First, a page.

Naturally, the Evangelical Alliance has defended itself against Jayne Ozanne’s critique of its teaching, especially in the light of the recent survey by the Churches’ Child Protection Advisory Service on the prevalence of spiritual abuse.
But the defence fails. I focus on the EA’s main argument: that the term ‘spiritual abuse’ is inadequate because abuse is about actions, not motives. In this way they seek to insulate their teachings from the actions those teachings sometimes provoke. On the contrary, abusive beliefs lead to abusive actions.
Nick Boles explodes. The British Government isn’t addressing the crises in housing and health, says this Conservative Member of Parliament. But, as the Guardian describes his mood, ‘the Worboys decision was the final straw’. The Parole Board has decided that John Warboys, a 60-year-old taxi driver jailed in 2009 for assaults on 12 women, should be released. The Government could have challenged the decision but has decided not to. Grr.
What would justice for Warboys be? This post leaves aside the personal details, like the likelihood of him reoffending, and asks about the nature of justice.
Andrew Marr and Theresa May
Prime Minister Theresa May, in her New Year live interview on Sunday, got quite a grilling from Andrew Marr. The Independent provides a video and report.
Marr described the case of Leah Butler-Smith whose mother waited five hours to be seen after a stroke this week. Ms Butler-Smith had posted a video of a queue of ambulances outside a hospital in Chelmsford, Essex, explaining that her mother had had a stroke, but was at the time tenth in a queue to get into hospital.
Even as a child, I was puzzled. How could a star lead the Magi to a specific house without coming so close that Planet Earth would burn into a pile of ashes?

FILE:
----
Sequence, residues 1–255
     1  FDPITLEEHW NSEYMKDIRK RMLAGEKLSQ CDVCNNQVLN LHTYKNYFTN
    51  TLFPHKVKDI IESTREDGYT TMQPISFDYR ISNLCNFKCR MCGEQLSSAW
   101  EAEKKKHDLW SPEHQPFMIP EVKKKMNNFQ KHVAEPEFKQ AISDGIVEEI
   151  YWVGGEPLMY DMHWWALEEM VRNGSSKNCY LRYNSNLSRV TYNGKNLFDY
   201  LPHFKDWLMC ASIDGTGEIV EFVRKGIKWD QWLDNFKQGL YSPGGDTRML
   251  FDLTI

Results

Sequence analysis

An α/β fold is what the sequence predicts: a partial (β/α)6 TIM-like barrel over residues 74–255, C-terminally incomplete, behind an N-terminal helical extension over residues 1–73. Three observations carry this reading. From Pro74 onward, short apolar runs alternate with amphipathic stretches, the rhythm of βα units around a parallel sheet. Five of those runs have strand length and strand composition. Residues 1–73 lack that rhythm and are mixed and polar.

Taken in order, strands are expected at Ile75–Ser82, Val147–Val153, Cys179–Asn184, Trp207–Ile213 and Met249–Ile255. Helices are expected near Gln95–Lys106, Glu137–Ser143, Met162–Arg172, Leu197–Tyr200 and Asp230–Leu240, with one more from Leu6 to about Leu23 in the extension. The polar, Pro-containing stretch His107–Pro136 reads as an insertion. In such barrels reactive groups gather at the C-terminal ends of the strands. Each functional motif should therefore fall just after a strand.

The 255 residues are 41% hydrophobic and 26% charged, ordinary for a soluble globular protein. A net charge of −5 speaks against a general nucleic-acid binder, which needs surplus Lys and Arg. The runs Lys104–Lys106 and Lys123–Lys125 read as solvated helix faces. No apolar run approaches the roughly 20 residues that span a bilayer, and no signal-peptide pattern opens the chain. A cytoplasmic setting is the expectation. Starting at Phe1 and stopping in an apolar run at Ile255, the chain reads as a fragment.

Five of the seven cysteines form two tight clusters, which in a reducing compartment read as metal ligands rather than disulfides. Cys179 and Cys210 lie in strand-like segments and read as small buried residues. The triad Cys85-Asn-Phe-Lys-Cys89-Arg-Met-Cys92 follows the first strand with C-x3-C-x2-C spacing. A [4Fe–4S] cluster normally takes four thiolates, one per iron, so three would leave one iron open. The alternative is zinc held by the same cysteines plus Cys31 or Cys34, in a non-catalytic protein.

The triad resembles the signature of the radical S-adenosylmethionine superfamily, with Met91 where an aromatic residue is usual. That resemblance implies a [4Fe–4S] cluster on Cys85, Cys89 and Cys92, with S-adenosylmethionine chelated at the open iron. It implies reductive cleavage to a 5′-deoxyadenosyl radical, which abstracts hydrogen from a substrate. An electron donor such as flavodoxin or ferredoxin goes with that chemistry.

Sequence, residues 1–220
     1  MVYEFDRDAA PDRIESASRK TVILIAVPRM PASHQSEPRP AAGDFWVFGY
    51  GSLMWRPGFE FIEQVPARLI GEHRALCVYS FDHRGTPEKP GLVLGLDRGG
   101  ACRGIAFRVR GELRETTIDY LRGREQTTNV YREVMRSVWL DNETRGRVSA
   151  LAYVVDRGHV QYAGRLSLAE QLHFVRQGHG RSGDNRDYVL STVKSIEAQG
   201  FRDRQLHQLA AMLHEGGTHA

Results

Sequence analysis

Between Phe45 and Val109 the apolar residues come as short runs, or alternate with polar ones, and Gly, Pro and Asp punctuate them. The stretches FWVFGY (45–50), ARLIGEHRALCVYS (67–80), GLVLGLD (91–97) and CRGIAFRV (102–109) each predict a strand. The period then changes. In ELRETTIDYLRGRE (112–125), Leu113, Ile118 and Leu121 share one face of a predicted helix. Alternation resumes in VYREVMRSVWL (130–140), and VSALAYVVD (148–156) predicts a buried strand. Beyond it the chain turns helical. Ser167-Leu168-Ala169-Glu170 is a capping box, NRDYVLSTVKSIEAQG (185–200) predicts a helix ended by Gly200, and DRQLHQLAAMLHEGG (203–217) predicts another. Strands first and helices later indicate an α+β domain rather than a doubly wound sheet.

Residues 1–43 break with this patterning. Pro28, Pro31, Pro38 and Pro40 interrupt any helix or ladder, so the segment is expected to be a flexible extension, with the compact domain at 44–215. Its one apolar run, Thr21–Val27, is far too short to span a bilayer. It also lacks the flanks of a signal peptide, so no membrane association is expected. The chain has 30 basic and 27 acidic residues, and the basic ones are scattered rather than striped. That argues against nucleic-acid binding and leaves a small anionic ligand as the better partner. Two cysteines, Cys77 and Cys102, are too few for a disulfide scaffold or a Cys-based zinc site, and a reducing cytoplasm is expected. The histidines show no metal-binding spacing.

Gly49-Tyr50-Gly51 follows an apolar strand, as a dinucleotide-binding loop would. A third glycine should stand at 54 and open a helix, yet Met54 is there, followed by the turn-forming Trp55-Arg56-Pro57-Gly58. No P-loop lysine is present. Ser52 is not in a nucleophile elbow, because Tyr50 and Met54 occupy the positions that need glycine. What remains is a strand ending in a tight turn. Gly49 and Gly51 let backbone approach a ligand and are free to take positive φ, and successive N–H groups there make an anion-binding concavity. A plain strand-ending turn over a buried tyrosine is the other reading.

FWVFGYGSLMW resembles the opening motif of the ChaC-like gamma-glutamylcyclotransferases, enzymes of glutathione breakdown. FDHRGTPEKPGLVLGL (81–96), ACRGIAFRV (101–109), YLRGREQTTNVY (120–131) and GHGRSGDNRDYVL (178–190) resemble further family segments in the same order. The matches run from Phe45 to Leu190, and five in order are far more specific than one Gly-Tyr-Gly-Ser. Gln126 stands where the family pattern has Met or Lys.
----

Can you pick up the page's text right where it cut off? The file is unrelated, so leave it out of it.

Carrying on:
Matthew didn’t expect his readers to take it literally. He had a bigger agenda. He was comparing Jesus with Augustus, the first Roman Emperor and, at the time of Jesus’ birth, the most powerful man in the world. Augustus had a virgin birth. Jesus had one too. Augustus was revered across his empire, from Spain to Syria. Jesus was revered from even further, from Persia where magi studied the stars.
Congratulations to Paul Bayes, the Bishop of Liverpool, for speaking out in public about the misuse of the terms ‘Christian’ and ‘Evangelical’ for people who oppose what Jesus stood for.
He did so in an interview with the Guardian at the launch of a new charity, the Ozanne Foundation, to work with religious organisations on LGBTI, sexuality and gender issues. This itself remains controversial in church circles, where opposition to same-sex partnerships remains strong; but the Guardian highlighted the implications for American Evangelicals who support Donald Trump. Can people who support his policies really call themselves Evangelicals, or Christians?
Poor Tim Farron! He took over as leader of the Liberal Democrats at their lowest ebb, just after they had been brilliantly undermined in the 2015 General Election by their Coalition partners and hated by everyone else for propping up an exceptionally divisive government. His chances of success were never good.
For the media, his weak spot was his disapproval of same-sex partnerships, an aspect of his Evangelical Christianity. Theos invited him to give their annual lecture on Tuesday. The full text is here. This post summarises the speech and offers an alternative account of Christian liberalism.
Cassiobury Court has provided an interesting infographic on recent cuts to services. Since the UK Health and Social Care Act of 2012, expenditure on addiction services has dropped and drug-related deaths have sharply increased.
I have no expertise in this issue, but it raises important issues about what kind of society we should be aiming for.
On Saturday we visited the Acropolis Museum in Athens. It is beautifully laid out, and naturally its artistic merit is unmistakeable. But there is more to it. It was not built to be art for art’s sake. Just as Plato and Aristotle have become philosophical icons not just for Greeks but for the whole western world, so also the Parthenon is iconic for western culture and architecture.
The theologian in me asks what it means. What does this icon affirm? There in the museum I felt a juxtaposition of two stories expressing radically different values.